Browsing by Subject "RESTING-STATE NETWORKS"

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  • Zhu, Yongjie; Wang, Xiaoyu; Mathiak, Klaus; Toiviainen, Petri; Ristaniemi, Tapani; Xu, Jing; Chang, Yi; Cong, Fengyu (2021)
    To examine the electrophysiological underpinnings of the functional networks involved in music listening, previous approaches based on spatial independent component analysis (ICA) have recently been used to ongoing electroencephalography (EEG) and magnetoencephalography (MEG). However, those studies focused on healthy subjects, and failed to examine the group-level comparisons during music listening. Here, we combined group-level spatial Fourier ICA with acoustic feature extraction, to enable group comparisons in frequency-specific brain networks of musical feature processing. It was then applied to healthy subjects and subjects with major depressive disorder (MDD). The music-induced oscillatory brain patterns were determined by permutation correlation analysis between individual time courses of Fourier-ICA components and musical features. We found that (1) three components, including a beta sensorimotor network, a beta auditory network and an alpha medial visual network, were involved in music processing among most healthy subjects; and that (2) one alpha lateral component located in the left angular gyrus was engaged in music perception in most individuals with MDD. The proposed method allowed the statistical group comparison, and we found that: (1) the alpha lateral component was activated more strongly in healthy subjects than in the MDD individuals, and that (2) the derived frequency-dependent networks of musical feature processing seemed to be altered in MDD participants compared to healthy subjects. The proposed pipeline appears to be valuable for studying disrupted brain oscillations in psychiatric disorders during naturalistic paradigms.
  • IMAGEN Consortium; Ernst, Monique; Benson, Brenda; Artiges, Eric; Penttilä, Jani (2019)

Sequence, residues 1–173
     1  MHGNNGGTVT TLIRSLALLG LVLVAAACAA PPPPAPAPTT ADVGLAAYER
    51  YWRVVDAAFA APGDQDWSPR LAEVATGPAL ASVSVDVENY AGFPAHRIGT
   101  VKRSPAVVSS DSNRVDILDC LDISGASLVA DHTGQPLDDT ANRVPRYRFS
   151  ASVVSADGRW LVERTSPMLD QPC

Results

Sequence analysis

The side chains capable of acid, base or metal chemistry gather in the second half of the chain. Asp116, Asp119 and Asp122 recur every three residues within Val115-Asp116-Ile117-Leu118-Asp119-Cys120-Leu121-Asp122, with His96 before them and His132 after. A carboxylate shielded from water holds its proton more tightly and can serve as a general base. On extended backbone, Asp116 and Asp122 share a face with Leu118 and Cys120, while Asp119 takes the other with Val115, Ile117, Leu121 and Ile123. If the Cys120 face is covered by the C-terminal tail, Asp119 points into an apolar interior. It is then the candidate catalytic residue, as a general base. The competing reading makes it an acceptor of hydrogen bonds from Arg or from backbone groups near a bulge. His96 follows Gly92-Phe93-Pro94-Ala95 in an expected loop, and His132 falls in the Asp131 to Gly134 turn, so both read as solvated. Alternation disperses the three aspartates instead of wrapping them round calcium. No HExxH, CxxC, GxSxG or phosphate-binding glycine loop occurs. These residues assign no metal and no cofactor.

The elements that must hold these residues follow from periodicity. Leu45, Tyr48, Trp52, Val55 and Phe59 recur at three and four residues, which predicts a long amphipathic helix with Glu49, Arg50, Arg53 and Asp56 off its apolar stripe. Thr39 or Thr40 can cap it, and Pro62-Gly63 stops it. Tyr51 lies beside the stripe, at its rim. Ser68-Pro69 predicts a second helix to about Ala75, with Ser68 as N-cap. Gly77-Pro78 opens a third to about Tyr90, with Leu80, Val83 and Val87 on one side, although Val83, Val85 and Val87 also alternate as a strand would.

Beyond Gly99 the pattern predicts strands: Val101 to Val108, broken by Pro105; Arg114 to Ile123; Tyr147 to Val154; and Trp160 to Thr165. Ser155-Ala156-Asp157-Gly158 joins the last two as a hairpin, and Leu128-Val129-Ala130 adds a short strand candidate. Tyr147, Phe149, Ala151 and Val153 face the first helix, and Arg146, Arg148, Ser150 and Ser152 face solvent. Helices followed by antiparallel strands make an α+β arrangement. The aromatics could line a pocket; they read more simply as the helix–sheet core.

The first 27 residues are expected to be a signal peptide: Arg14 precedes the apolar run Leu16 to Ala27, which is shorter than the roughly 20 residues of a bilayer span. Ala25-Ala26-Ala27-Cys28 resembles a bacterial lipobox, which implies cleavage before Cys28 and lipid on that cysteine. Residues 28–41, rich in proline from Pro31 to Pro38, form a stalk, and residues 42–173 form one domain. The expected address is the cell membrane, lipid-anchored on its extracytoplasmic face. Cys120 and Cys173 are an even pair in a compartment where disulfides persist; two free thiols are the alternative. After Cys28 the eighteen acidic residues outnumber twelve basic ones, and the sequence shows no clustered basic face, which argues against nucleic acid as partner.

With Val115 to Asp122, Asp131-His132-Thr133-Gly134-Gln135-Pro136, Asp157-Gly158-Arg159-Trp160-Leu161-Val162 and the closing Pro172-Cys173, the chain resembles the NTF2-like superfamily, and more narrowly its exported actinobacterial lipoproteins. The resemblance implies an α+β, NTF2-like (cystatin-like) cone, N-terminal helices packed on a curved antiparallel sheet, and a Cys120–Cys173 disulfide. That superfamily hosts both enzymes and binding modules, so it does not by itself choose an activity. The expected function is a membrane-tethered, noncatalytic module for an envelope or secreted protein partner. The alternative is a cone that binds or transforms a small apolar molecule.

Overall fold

This study examines the effects of puberty and sex on the intrinsic functional connectivity (iFC) of brain networks, with a focus on the default-mode network (DMN). Consistently implicated in depressive disorders, the DMN's function may interact with puberty and sex in the development of these disorders, whose onsets peak in adolescence, and which show strong sex disproportionality (females > males). The main question concerns how the DMN evolves with puberty as a function of sex. These effects are expected to involve within- and between-network iFC, particularly, the salience and the central-executive networks, consistent with the Triple-Network Model. Resting-state scans of an adolescent community sample (n = 304, male/female: 157/147; mean/std age: 14.6/0.41 years), from the IMAGEN database, were analyzed using the AFNI software suite and a data reduction strategy for the effects of puberty and sex. Three midline regions (medial prefrontal, pregenual anterior cingulate, and posterior cingulate), within the DMN and consistently implicated in mood disorders, were selected as seeds. Within- and between-network clusters of the DMN iFC changed with pubertal maturation differently in boys and girls (puberty-X-sex). Specifically, pubertal maturation predicted weaker iFC in girls and stronger iFC in boys. Finally, iFC was stronger in boys than girls independently of puberty. Brain-behavior associations indicated that lower connectivity of the anterior cingulate seed predicted higher internalizing symptoms at 2-year follow-up. In conclusion, weaker iFC of the anterior DMN may signal disconnections among circuits supporting mood regulation, conferring risk for internalizing disorders.